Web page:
Can legal action be taken against first-aiders?

The Health & Safety Executive states it is very unlikely that any action would be taken against a first-aider who was using the first-aid training they have received. HSE cannot give any specific advice on this issue as it does not fall within HSE's statutory powers.

It is recommended that you seek legal advice, or advice from your employer's insurance brokers on whether their policies cover first-aiders' liability.


You can however look at the S.A.R.A.H.'s Act 2015.


This Act applies when a court, in considering a claim that a person was negligent or in breach of statutory duty, is determining the steps that the person was required to take to meet a standard of care.

The stated purpose of the Act is to provide a greater degree of reassurance and protection to good samaritans, volunteers and those who may be deterred from participating in socially useful activities, such as administering first aid, due to worries about risk or liability.

First Aid - Duty of Care

Dictionary definition:

"a moral or legal obligation to ensure the safety or well-being of others."


It means that you must conform to a standard of reasonable care while performing acts that could forseeably harm others. If you are attempting to provide first aid on a person and your actions are for the benefit of the casualty and the treatment is correct by the current standards then you will be fine.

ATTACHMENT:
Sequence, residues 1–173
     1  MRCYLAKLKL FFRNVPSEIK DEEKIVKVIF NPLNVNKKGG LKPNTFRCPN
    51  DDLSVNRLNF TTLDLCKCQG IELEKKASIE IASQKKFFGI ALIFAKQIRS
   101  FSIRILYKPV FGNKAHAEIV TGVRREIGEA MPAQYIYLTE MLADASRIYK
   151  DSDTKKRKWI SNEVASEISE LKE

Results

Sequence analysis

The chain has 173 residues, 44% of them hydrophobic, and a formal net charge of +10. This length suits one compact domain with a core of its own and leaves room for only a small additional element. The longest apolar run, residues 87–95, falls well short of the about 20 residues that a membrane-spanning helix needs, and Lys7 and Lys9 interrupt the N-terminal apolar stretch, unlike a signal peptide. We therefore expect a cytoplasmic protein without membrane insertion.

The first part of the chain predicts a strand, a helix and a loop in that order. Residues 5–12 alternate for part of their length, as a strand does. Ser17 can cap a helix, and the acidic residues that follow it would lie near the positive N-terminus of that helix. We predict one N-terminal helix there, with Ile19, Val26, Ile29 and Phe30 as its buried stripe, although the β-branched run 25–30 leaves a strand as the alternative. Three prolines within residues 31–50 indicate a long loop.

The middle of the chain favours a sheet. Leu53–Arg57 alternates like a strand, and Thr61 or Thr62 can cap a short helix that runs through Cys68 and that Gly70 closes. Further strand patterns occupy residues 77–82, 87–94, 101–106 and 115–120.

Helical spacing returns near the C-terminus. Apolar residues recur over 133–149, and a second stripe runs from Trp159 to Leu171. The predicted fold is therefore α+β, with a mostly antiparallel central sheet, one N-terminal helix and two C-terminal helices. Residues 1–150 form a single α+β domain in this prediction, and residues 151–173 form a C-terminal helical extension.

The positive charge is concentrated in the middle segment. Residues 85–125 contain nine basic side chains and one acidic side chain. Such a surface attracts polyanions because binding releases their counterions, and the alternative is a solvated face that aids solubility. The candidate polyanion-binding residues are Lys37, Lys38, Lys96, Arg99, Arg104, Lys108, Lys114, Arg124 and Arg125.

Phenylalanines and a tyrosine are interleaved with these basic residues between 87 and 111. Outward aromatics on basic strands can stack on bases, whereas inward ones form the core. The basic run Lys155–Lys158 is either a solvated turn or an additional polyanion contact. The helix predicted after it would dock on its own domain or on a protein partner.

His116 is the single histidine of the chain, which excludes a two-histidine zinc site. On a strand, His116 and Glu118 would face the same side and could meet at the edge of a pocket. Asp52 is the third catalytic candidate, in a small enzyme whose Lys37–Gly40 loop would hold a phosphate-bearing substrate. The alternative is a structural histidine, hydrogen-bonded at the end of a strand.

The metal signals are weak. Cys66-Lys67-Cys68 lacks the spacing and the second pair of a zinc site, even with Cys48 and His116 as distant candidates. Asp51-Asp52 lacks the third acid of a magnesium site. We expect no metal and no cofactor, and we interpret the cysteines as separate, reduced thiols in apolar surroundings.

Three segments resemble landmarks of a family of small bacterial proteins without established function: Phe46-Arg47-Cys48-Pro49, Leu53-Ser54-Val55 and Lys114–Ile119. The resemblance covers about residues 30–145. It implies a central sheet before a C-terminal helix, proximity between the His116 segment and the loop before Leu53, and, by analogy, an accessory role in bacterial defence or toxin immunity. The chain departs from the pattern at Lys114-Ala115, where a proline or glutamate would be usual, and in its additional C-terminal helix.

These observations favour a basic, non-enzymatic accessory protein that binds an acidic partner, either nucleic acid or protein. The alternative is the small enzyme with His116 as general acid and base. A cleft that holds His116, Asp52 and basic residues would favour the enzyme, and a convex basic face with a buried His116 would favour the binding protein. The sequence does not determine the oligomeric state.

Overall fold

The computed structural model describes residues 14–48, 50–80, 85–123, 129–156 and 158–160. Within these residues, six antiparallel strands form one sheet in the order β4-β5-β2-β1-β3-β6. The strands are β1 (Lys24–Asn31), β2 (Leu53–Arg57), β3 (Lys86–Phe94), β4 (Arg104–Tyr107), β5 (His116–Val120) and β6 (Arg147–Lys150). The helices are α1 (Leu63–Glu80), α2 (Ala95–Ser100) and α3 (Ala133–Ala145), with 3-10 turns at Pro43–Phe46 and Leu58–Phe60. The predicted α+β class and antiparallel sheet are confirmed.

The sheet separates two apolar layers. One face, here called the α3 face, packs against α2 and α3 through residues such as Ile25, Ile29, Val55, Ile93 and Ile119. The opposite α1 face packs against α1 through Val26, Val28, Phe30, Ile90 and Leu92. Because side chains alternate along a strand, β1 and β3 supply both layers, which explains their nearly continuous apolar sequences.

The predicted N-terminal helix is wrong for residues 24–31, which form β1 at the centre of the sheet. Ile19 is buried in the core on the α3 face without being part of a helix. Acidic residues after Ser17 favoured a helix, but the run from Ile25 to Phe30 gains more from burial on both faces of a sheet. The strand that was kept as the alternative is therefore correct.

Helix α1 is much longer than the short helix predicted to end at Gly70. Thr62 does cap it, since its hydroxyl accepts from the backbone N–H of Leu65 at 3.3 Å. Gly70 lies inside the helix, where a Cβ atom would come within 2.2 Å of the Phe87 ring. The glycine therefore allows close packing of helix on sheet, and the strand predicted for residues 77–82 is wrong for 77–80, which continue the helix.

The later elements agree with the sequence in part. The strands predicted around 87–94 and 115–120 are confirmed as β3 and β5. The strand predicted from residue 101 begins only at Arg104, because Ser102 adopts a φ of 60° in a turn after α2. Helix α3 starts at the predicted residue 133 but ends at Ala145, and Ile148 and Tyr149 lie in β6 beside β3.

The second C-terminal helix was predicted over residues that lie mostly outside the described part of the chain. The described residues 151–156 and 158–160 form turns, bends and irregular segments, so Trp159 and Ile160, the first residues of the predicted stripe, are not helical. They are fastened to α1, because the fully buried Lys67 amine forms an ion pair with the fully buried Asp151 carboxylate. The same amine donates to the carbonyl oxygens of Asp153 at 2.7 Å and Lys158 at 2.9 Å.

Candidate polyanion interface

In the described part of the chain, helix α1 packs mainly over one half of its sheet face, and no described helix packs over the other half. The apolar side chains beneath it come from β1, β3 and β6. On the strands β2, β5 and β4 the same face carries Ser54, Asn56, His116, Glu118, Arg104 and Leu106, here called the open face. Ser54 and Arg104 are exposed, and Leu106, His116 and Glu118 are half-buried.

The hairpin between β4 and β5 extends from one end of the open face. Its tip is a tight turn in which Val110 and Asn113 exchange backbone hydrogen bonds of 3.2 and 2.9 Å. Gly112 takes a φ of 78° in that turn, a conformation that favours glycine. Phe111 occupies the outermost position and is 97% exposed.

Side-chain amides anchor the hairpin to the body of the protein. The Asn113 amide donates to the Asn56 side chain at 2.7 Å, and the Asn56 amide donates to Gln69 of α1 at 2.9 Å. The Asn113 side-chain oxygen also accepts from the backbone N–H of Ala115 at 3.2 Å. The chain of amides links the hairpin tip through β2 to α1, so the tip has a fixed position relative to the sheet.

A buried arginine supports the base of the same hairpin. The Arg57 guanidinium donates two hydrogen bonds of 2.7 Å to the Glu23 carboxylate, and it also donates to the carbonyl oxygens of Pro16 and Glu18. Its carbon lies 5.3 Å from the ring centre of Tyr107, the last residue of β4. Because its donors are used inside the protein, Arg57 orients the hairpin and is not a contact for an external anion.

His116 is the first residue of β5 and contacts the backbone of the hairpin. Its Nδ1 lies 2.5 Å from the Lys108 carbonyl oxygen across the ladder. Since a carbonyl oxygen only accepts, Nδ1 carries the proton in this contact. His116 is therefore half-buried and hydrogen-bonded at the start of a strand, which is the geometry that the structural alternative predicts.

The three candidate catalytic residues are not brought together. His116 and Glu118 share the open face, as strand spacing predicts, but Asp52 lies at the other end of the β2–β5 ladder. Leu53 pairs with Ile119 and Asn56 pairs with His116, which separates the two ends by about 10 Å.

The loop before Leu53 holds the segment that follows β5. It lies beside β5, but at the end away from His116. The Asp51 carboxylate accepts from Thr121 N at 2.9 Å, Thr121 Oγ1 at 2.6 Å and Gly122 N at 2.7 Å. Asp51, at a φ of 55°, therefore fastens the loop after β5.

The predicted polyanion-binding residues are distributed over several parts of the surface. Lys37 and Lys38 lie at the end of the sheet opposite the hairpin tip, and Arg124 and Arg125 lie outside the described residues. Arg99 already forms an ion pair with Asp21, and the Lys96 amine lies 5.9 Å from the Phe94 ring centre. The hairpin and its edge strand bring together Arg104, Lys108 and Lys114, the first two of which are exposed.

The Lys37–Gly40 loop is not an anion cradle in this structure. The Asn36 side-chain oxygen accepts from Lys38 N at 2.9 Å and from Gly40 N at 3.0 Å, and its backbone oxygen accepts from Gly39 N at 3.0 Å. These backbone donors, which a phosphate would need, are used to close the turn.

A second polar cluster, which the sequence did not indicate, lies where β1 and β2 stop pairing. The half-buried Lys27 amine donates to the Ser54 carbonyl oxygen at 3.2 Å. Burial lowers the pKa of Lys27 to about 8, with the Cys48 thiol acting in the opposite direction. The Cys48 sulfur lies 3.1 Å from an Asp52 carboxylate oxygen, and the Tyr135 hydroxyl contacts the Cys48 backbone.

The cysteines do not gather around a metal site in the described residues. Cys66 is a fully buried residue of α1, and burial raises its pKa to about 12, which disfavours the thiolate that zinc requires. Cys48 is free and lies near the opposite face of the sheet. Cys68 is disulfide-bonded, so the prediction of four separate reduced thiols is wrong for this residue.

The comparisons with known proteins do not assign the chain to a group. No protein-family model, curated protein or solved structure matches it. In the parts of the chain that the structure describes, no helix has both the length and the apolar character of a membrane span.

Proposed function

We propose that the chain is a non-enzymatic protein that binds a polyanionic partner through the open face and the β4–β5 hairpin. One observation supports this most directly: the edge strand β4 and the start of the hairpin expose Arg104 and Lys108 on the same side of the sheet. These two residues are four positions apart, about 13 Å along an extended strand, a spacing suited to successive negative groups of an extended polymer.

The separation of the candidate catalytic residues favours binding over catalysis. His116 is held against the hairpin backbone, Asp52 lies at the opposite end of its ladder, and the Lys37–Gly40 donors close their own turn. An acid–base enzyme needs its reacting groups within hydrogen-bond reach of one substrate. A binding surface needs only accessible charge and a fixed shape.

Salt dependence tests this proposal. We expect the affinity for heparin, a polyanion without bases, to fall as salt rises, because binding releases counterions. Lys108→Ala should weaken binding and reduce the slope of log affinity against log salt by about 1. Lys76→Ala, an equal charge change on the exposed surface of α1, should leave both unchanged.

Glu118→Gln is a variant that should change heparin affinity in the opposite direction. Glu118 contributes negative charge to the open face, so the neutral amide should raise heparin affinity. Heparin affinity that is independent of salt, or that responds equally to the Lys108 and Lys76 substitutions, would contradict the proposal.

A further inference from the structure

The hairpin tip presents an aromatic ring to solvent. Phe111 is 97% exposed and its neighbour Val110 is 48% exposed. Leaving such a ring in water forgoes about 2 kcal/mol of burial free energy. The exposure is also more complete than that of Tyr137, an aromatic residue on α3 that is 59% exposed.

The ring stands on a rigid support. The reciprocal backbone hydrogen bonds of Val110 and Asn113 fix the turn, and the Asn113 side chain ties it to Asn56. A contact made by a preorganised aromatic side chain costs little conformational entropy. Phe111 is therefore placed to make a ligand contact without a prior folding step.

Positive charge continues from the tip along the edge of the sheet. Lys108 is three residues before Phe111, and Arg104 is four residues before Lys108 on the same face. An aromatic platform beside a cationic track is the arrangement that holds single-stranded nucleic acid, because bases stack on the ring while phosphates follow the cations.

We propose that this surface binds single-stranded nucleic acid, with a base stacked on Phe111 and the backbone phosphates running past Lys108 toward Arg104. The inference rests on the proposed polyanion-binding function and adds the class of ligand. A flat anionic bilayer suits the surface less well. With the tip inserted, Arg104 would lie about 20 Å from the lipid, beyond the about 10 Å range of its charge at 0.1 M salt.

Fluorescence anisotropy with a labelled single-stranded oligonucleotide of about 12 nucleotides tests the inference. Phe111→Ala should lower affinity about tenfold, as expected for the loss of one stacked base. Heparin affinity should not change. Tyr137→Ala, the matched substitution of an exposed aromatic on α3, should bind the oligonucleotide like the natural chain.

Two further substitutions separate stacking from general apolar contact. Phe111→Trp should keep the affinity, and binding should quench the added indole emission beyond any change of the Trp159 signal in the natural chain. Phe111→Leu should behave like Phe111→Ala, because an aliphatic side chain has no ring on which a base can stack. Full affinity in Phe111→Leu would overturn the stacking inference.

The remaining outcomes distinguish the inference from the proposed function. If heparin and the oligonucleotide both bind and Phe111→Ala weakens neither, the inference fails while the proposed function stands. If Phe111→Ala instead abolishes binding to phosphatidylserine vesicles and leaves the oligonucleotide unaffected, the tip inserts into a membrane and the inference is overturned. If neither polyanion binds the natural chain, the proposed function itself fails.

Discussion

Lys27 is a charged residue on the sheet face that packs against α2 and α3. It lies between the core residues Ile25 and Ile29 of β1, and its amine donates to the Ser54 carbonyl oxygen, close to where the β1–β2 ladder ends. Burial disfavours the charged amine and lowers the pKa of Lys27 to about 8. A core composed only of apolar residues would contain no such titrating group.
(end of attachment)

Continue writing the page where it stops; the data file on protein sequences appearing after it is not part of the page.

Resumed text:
If a person claims negligence against you they must be able to show a duty of care imposed by law (IE current first aid teachings) which the defendant has breached, in other words you acted outside current teachings and got it wrong. 

It would be based on an objective standard such as current first aid teachings at the time of the incident against which any individual's conduct can be measured.  It is used to determine if a breach of the standard of care has occurred, provided a duty of care can be proven.

What is important to remember is that ones actions would be judged against those of a reasonable person of the same standing in a similar situation; the actions of a First Aider would therefore only be judged against those of someone of similar training and experience, not against the actions or decisions of a paramedic or doctor.

First Aid for a broken arm

First Aid - Negligence

Negligence is a failure to exercise appropriate and or ethical ruled care expected to be exercised amongst specified circumstances.

Someone who suffers loss caused by another's negligence may be able to sue for damages to compensate for their harm. Such loss may include physical injury, harm to property, psychiatric illness, or economic loss.

Woman in White

Example of negligence:

if a person inappropriately administered chest compressions to a casualty who was not in cardiac arrest, which caused damage to the chest wall or underlying organs, they would be causing damage which would not otherwise have been suffered as a result of your misdiagnosis.